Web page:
New Zealand win by 240 runs to sweep West Indies

Trent Boult captured his 200th test wicket as New Zealand beat the West Indies by 240 runs on Tuesday, completing a 2-0 sweep of its first test series since March.

Boult took 2-52 as New Zealand bowled out the West Indies for 203 after setting the tourists a target of 444 for victory. New Zealand made 373 and bowled out the West Indies for 221 for a 152-run first innings lead, declared its second innings at 291-8 late on day three and had the West Indies 30-2 overnight.

The tourists quickly lost captain Kraigg Brathwaite (20) and Shai Hope (23), then had a major setback when Sunil Ambris was forced to retire hurt after being struck on the forearm by Neil Wagner.

Ambris was taken to hospital, where tests confirmed he had a broken arm which prevented him batting again on day four and has ruled him out of the three-match limited-overs international series which begins next week.

Wicket-keeper Shane Dowrich was out for a second ball duck at 80-5, effectively 80-6, and the West Indies seemed to be tumbling towards another collapse and defeat.

But Roston Chase made a half century in a 78-run partnership with Ramon Reifer (29) which delayed New Zealand’s push for victory by almost two hours. Chase was finally out for 64, having batted almost three hours, and Reifer lasted over two hours for 29.

When Chase finally fell to Wagner at 158-6, Reifer quickly followed. Some heavy hitting near the end by Kemar Roach, who hit 32 from 44 balls with four fours and six, reduced the final margin of victory but Roach and Miguel Cummins fell to consecutive deliveries from spinner Mitchell Santner (2-13) to bring to an end the match and series.

The two-match series against the West Indies was New Zealand’s first since March and in winning both matches inside four days, New Zealand is halfway through its domestic test schedule this summer. It will play only limited-overs matches until its two-test series against England in March.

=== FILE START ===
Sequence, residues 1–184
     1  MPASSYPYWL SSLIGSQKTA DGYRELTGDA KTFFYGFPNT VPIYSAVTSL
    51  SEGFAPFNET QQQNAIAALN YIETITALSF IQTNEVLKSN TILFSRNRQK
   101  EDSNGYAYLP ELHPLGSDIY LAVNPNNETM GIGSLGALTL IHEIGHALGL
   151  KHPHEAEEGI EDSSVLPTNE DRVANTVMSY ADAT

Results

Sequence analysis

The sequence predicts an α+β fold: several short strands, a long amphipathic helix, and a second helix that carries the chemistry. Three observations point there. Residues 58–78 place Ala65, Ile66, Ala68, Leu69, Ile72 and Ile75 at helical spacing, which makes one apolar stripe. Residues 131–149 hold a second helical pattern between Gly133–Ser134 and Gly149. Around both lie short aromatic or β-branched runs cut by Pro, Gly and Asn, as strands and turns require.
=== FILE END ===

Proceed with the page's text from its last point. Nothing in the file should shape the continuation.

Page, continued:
New Zealand won the first test by an innings and 67 runs in Wellington and achieved a win in the second test which was almost as comprehensive. It’s success was based on the outstanding performance of its frontline bowlers Boult, Tim Southee and Neil Wagner who contributed in every innings and to its batsmen who built on their efforts with solid scores which gave it the upper hand throughout the series.

“We were fortunate to be on the right side of the result in both games and to learn a lot from both games,” captain Kane Williamson said. “I suppose it’s nice to be back in our home conditions and to get a lot from that.

“We don’t have a huge amount of test cricket this year. But in terms of how we wanted to execute our plans, I thought we did it superbly but we know we’ll have to be very good again against England in March.”

Boult became the fifth New Zealander after Richard Hadlee (433), Daniel Vettori (361), Chris Martin (233) and Chris Cairns (218) to take 200 wickets in tests.

He began the West Indies’ decline on day four by removing captain Kraig Brathwaite for 20. Brathwaite, leading the West Indies in this test in place of the suspended Jason Holder, top-scored in the first innings with 66 and seemed the critical wicket.

Wagner, who used leg theory to take 7-39 in the first innings of the first test, hit Shai Hope on the forearm with a short delivery early in the day, then quickly claimed his wicket before he settled. He then struck Ambris who tried briefly to bat on before retiring to seek medical treatment.

The incident continued an eventful start to Ambris’s test career; he has been out hit wicket twice in his first three innings, including to the first ball he faced in test cricket.

The young West Indies team battled well at times but couldn’t avoid collapses which placed it under pressure.

“For us with the bat we didn’t produce, especially in the first innings and in the first test,” Brathwaite said. “It was a loss but we saw on these pitches you have to be careful in your shot selection but we saw how New Zeland played and realise we have to be more decisive with the bat.”

This website uses cookies to improve your experience. We'll assume you're ok with this, but you can opt-out if you wish. Accept Read More